Proper distribution of pensions, 401(k) plans and other retirement accounts is a crucial component of any New York divorce case. Qualified Domestic Relations Orders (QDROs) are often utilized to properly distribute each party’s share of such accounts. A QDRO is a legal order served on a retirement plan administrator that outlines how various benefits will be divided between spouses in a divorce. It ensures that each party receives their share of the retirement benefits accumulated during the marriage directly from the retirement plan, without incurring tax penalties or early withdrawal fees.

Debts accumulated during the marriage are also subject to equitable distribution in New York divorce cases. These debts may include mortgages, credit card debt, and student loans. The court will consider factors such as who incurred the debt, the purpose of the debt, and each spouse’s ability to repay it when determining how to divide marital debts. In some cases, the court may order one spouse to assume responsibility for certain debts, while in others, the debts may be divided between the spouses based on their respective financial situations.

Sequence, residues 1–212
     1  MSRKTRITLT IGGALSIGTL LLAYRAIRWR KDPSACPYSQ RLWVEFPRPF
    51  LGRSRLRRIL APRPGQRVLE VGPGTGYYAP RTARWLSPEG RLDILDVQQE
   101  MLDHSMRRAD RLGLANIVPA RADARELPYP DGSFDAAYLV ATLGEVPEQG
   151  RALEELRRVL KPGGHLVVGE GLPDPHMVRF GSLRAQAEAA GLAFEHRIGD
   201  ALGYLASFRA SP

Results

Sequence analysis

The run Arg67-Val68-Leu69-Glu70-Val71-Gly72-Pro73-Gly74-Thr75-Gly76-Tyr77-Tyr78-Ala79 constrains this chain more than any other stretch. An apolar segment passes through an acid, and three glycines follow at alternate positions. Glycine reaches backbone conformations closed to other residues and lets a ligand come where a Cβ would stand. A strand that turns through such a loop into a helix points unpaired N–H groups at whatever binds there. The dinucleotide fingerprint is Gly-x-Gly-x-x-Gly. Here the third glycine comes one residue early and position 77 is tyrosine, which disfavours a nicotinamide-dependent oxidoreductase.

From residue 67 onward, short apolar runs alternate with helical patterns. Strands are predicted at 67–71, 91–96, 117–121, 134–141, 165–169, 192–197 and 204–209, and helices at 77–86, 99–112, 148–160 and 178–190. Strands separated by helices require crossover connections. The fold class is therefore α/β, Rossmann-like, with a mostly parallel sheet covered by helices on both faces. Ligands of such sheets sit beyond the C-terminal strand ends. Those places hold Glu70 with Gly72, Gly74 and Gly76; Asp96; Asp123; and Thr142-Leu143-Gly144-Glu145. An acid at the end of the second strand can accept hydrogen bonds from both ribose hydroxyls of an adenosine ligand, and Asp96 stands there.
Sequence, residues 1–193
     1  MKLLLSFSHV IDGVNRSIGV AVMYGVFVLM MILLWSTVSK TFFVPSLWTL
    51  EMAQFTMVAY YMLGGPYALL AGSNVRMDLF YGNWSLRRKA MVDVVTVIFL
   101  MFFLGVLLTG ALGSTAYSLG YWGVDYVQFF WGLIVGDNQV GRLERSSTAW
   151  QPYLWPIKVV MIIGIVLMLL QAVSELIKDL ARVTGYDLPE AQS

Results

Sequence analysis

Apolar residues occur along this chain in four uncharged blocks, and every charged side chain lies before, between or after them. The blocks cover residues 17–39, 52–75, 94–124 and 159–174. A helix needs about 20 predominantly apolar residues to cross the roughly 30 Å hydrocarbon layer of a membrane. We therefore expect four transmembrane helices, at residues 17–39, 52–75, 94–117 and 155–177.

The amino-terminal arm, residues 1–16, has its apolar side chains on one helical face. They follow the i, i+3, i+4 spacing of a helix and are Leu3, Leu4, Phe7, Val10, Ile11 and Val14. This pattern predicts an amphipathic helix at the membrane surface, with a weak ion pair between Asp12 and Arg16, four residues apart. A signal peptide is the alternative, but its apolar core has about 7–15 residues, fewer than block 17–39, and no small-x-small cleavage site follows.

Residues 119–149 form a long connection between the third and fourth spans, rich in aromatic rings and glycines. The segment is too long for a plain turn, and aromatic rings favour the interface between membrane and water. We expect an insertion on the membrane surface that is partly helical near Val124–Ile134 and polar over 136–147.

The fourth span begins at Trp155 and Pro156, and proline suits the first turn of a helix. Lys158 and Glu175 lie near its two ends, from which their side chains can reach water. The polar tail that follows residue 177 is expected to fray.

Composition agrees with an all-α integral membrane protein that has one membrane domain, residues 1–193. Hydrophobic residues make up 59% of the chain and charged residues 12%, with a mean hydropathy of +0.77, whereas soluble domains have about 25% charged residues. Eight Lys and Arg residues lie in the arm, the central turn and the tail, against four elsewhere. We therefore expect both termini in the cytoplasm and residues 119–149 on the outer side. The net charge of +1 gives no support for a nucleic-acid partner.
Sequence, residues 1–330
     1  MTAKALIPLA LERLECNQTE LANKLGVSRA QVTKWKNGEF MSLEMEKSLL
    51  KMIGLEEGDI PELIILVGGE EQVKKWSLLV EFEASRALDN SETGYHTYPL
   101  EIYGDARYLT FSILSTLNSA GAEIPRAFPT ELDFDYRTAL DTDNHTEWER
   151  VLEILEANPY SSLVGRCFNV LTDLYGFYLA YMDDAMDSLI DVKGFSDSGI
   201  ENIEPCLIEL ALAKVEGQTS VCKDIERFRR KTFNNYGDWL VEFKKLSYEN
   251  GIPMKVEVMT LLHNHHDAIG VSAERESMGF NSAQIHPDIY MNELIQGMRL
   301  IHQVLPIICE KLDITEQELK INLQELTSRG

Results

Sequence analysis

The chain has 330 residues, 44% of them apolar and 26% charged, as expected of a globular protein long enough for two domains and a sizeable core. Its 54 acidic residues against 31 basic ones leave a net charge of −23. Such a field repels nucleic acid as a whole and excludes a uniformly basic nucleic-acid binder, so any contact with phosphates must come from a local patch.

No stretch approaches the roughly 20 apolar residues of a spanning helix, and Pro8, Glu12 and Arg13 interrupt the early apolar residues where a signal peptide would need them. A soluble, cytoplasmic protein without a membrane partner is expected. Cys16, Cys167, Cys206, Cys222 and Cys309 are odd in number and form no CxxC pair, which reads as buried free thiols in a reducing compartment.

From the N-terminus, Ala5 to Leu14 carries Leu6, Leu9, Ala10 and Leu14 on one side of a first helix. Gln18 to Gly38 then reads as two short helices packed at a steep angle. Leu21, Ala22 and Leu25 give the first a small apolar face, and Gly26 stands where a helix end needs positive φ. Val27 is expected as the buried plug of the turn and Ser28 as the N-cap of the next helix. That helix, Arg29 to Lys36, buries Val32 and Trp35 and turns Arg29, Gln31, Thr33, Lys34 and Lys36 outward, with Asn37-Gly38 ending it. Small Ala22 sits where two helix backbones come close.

Factors Considered in Equitable Distribution

As set forth in Domestic Relations Law § 236(b), the various factors the Court is to consider in determining equitable distribution include:

  1. the income and property of each party at the time of marriage, and at the time of the commencement of the action;
  2. the duration of the marriage and the age and health of both parties;
  3. the need of a custodial parent to occupy or own the marital residence and to use or own its household effects;
  4. the loss of inheritance and pension rights upon dissolution of the marriage as of the date of dissolution;
  5. the loss of health insurance benefits upon dissolution of the marriage;
  6. any award of maintenance under subdivision six of this part;
  7. any equitable claim to, interest in, or direct or indirect contribution made to the acquisition of such marital property by the party not having title, including joint efforts or expenditures and contributions and services as a spouse, parent, wage earner and homemaker, and to the career or career potential of the other party. The court shall not consider as marital property subject to distribution the value of a spouse’s enhanced earning capacity arising from a license, degree, celebrity goodwill, or career enhancement. However, in arriving at an equitable division of marital property, the court shall consider the direct or indirect contributions to the development during the marriage of the enhanced earning capacity of the other spouse;